Preliminary findings from the study revealed that estimation results for responses collected with questionnaires that had inapplicable status-quos do not significantly differ from those for responses collected using questionnaires with applicable status-quos in both strata. It was also found that households from the suburbs value the quality of water and its reliability more than the other attributes. As expected, households from townships, informal settlements and rural areas are more concerned with the monthly cost of water services. The latter would also prefer to pay for piped water inside the dwelling and are not so much concerned with water reliability and pressure. The policy implication for this is that the municipality should maintain the provision of reliable good quality water in suburban areas. For households in township, informal settlement and rural areas, water inside the dwelling is very important.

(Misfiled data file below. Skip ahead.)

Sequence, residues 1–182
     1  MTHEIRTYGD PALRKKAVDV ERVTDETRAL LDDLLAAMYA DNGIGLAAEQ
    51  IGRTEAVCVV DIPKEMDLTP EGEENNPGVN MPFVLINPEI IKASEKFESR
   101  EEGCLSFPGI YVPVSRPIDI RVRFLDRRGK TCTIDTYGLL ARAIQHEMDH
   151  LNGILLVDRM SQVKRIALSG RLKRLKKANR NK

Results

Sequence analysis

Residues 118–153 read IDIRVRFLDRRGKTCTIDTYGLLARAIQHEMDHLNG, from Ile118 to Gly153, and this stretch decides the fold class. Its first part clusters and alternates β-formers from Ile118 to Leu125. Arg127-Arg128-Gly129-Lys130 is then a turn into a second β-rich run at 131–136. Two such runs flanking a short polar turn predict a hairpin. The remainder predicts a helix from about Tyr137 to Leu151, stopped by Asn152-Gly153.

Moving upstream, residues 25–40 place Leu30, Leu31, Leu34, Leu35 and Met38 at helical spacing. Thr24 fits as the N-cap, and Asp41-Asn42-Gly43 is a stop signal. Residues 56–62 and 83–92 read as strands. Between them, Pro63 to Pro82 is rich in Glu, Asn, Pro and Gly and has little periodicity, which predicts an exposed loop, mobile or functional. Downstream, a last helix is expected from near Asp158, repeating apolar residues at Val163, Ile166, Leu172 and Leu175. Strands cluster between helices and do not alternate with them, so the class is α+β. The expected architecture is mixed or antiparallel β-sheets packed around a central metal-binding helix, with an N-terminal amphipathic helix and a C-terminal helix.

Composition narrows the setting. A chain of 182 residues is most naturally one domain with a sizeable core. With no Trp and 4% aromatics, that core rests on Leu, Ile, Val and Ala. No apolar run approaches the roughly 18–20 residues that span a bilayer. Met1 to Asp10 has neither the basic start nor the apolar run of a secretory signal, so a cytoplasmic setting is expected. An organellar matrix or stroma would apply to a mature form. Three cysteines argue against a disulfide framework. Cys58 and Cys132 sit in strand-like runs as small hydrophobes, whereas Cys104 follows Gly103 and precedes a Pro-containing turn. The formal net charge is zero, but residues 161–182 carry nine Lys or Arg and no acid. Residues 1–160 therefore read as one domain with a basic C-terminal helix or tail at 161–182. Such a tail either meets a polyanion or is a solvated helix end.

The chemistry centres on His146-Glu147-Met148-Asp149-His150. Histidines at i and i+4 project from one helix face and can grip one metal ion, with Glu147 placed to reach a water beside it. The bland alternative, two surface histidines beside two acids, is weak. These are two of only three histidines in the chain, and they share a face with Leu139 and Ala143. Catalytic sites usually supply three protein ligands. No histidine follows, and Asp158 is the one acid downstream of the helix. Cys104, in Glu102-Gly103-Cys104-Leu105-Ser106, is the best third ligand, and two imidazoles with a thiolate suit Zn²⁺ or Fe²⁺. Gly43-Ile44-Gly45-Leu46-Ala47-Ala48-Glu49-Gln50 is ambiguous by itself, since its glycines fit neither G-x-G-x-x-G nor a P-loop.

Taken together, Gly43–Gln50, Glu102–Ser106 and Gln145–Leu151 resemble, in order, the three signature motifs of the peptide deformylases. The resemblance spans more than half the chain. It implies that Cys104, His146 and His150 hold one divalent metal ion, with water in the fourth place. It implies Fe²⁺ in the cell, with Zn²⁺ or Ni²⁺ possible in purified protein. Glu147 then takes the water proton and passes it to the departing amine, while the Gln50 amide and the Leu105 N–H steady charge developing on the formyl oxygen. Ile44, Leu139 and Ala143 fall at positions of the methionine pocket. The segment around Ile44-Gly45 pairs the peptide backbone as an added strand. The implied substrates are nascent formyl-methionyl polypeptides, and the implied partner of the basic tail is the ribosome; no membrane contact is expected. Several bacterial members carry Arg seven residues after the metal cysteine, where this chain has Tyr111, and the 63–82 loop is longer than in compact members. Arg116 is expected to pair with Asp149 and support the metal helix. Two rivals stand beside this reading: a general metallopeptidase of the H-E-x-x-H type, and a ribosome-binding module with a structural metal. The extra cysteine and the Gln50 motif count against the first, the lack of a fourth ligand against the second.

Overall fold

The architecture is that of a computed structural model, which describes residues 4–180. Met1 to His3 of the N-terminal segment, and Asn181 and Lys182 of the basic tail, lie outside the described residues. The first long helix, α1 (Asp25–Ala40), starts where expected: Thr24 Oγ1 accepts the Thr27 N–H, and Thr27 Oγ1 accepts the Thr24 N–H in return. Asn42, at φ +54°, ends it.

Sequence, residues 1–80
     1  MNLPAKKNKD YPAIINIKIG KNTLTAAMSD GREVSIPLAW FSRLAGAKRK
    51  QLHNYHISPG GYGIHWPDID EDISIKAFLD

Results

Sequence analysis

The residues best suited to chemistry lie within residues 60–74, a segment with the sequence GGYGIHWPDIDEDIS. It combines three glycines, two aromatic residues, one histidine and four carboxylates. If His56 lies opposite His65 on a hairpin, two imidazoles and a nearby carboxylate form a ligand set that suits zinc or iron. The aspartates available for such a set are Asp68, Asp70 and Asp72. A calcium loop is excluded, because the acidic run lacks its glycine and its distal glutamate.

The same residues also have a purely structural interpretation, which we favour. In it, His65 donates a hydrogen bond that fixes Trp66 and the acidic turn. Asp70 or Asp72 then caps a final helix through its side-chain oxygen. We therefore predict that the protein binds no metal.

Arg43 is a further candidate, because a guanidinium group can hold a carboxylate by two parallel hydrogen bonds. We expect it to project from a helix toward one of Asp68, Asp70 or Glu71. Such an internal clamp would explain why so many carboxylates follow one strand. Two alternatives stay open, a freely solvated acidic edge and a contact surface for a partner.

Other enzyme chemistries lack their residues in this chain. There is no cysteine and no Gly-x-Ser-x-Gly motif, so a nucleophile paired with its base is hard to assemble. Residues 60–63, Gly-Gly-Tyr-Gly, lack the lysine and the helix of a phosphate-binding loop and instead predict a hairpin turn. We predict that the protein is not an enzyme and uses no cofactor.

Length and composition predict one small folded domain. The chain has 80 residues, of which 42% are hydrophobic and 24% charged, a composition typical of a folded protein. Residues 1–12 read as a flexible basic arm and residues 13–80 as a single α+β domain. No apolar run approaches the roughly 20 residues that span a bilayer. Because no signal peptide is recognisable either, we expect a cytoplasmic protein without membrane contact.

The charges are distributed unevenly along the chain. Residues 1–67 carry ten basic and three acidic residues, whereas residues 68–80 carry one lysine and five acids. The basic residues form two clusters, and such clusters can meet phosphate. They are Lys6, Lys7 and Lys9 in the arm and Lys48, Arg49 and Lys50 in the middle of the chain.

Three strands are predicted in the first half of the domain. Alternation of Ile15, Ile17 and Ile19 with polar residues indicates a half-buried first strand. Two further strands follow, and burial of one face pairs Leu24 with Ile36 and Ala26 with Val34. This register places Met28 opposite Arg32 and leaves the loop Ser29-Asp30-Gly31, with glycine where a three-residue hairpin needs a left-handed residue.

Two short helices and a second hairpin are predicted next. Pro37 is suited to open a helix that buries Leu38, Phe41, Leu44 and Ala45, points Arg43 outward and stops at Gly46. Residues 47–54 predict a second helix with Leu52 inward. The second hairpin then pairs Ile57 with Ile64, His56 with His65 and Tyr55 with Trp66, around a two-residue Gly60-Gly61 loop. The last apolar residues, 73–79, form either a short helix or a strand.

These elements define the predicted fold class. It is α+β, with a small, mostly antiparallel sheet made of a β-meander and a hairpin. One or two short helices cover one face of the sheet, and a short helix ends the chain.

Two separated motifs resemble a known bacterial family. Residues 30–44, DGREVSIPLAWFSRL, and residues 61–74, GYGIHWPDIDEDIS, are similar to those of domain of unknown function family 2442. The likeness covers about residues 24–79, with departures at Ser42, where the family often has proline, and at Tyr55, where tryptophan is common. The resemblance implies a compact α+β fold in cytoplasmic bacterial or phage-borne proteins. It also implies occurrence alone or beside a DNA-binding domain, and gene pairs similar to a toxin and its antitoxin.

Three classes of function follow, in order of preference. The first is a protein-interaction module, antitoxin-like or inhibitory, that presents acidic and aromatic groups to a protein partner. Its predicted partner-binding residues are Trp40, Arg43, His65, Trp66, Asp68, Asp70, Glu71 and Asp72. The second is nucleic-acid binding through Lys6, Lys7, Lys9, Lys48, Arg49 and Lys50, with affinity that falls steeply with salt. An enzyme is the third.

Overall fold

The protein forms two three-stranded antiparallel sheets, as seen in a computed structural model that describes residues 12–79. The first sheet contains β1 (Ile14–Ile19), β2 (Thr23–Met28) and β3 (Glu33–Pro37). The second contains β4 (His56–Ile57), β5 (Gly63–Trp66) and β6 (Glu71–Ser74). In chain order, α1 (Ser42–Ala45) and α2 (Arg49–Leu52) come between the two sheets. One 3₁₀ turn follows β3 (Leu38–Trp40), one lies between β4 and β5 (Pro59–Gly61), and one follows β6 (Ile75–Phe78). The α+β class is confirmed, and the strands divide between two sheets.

Keywords: choice experiments, suburban, township, water


[1] School of Economics and Development Studies, Nelson Mandela Metropolitan University, Port Elizabeth, South Africa. Email:

[2] Department of Economics and Econometrics, University of Johannesburg, Johannesburg, South Africa. Email: